“This plan sets a new vision and a clear pathway for how the Irish Government can deliver a 40% renewable heat target by 2030 while at the same time achieving the 7% carbon emissions per annum reductions.
“I call on Minister Ryan and the Government to adopt the 40by30 Renewable Heat Plan in the upcoming revision of the Climate Action Plan and to ramp up the supports for bioenergy to transition the heat sector away from fossil fuels such as imported gas and oil to deliver significant emissions reductions through widespread deployment of bioenergy”.
PJ Mc Carthy, CEO of Renewable Gas Forum Ireland (RGFI) said:
“On behalf of members in the agri-food, beverages and biopharma industries as well as developers and shippers, RGFI was pleased to contribute to this wider partnership of sustainable energy associations and its shared vision. This collaborative approach is the only way to achieve the 7% annual CO2 reduction and will, we hope, be supported by Government . RGFI is already pursuing some of the measures and policy recommendations identified, such as the early implementation of Article 23 REDII . We are advocating and supporting consumer and sector led initiatives to decarbonise industrial heat demand requirements, with an independent business case for AD biomethane production, which also benefits the environment and rural economy.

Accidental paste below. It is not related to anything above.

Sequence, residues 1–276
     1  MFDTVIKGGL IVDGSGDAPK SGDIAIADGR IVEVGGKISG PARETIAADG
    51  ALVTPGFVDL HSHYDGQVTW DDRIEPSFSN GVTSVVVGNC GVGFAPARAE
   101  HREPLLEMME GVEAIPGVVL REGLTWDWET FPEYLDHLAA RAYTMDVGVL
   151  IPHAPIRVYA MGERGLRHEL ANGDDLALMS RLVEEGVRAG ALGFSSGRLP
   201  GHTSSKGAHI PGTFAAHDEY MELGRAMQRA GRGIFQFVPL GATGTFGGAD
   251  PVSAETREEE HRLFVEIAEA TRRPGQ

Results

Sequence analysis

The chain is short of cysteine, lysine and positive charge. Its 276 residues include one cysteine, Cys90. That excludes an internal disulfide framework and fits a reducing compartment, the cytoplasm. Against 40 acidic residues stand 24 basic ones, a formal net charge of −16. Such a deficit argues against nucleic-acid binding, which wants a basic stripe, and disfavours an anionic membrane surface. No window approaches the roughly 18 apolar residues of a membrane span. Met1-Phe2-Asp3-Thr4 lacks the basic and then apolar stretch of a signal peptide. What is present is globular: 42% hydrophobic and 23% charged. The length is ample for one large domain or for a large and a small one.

“However, a just energy transition in Ireland requires a range of approaches and affordability. Renewable gas (biomethane and BioLPG) plays an important role both on and off the gas grid, alongside other renewable heat technologies. Over 500,000 Irish properties have no connection to the natural gas distribution network; two-thirds currently rely on oil boilers for heating and fuel. BioLPG as a drop-in fuel, delivers up to 90% certified carbon emission savings compared to conventional fossil fuels.”